A secondary education degree qualifies instructors to work with secondary and post-secondary students. This degree can help you teach in public and private institutions. Depending on the area where you teach, further certification may be necessary.
A degree in special education is essential if you wish to handle children who have special needs. This programme's unique training trains instructors to meet the needs of kids with learning or developmental disabilities. On top of being a special education instructor, you can utilise your degree to work in instructional coordination, language and speech pathology and curriculum development.
This degree concentration is necessary for teaching positions involving physical education (PE), including coaching athletic activities in a school context. This group includes PE instructors, school nutritionists and sports management employees. You may consider specialising in PE if you've got an enduring passion for sports and wellness.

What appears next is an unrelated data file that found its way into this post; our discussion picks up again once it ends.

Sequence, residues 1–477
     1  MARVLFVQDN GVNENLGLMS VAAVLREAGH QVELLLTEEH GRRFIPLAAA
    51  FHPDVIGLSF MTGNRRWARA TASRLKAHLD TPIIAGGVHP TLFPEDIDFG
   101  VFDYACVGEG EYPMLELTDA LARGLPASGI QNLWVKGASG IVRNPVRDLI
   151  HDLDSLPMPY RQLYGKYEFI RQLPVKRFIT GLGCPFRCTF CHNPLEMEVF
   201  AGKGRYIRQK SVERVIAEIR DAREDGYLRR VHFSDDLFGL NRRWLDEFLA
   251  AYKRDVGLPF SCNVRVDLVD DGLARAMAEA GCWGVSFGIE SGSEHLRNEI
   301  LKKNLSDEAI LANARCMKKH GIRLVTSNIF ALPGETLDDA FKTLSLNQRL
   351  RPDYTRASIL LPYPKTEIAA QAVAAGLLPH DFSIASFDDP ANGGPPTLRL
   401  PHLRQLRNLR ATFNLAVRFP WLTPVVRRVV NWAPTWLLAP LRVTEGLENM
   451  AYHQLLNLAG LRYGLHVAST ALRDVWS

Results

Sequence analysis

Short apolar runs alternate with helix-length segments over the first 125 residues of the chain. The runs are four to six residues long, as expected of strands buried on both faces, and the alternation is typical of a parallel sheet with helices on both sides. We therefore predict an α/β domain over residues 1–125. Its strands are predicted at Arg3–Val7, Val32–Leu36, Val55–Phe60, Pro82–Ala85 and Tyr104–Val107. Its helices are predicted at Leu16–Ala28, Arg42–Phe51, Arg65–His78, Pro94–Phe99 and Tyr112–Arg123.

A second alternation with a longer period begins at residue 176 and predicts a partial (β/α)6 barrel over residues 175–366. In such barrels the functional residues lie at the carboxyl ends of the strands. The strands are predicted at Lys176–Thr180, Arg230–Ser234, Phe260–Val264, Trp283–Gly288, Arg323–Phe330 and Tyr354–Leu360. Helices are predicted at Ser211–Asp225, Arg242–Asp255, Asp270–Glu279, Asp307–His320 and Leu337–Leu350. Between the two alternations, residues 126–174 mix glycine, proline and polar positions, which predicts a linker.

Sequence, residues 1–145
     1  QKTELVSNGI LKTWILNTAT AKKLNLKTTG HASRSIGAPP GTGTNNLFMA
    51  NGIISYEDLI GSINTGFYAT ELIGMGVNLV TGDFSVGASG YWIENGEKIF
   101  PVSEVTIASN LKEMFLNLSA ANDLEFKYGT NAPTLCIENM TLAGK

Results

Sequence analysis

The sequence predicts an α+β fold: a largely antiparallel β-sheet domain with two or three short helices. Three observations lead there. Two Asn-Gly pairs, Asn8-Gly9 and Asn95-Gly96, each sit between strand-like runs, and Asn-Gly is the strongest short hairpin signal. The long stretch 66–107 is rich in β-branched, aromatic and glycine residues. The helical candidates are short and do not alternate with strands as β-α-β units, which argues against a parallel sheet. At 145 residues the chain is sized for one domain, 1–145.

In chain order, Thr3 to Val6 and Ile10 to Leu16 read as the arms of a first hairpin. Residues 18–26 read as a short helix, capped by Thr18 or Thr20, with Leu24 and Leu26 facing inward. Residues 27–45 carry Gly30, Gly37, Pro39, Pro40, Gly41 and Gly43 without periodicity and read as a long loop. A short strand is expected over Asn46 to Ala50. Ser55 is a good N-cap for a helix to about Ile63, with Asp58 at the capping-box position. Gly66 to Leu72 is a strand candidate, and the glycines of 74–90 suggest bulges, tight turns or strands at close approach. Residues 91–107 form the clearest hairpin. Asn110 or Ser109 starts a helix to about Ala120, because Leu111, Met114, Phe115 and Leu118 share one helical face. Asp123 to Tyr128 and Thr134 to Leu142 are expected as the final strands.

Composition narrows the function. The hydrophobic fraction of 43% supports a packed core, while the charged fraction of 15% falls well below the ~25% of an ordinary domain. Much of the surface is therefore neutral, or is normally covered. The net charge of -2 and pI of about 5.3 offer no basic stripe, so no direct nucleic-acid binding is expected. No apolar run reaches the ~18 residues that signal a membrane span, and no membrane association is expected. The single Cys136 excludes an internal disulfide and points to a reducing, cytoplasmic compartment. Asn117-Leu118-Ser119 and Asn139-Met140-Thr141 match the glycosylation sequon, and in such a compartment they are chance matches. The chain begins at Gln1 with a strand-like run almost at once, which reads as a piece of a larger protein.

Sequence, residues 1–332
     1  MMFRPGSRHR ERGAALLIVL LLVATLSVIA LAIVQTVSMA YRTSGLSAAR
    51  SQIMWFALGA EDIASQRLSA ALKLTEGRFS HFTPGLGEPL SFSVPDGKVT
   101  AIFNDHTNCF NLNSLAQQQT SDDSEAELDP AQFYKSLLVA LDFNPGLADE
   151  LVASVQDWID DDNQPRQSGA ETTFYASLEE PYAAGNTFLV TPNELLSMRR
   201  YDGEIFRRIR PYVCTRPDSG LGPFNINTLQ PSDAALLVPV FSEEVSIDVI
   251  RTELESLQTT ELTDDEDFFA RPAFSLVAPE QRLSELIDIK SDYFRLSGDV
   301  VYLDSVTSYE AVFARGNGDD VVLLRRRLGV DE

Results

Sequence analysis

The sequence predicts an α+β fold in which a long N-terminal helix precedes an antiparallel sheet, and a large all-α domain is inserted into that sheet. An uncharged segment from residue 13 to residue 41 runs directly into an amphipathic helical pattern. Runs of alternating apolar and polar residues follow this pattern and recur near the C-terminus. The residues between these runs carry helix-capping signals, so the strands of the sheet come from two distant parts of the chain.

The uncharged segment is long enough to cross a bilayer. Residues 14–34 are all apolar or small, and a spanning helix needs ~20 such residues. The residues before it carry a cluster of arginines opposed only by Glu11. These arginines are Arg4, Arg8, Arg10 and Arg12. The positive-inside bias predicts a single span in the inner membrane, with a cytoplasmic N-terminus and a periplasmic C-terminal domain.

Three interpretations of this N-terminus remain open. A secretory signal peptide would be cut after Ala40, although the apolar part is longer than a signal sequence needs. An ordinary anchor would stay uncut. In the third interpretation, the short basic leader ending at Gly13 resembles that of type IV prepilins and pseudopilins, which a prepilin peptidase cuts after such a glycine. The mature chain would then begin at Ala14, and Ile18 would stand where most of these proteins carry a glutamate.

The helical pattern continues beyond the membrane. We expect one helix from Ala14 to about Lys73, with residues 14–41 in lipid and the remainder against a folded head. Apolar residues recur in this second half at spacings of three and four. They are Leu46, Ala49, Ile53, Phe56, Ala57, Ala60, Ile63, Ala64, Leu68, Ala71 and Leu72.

Teachers with degrees in education administration usually advance to administrative or research positions. You may also explore careers as school principals, school deans, school directors, admissions directors and superintendents. If this is something you know you want to do, you can major in education administration for a start.
2. Finish your postgraduate studies
Programmes leading to a postgraduate diploma in education (PGDE) train university graduates to teach in schools. In the PGDE courses, aspiring teachers study how to teach two topics and gain specialised expertise in each area. While pursuing a PGDE, you can seek options such as teaching assistantships to help you build your own teaching style. This allows you to put everything you've learned in a bachelor's degree programme to use.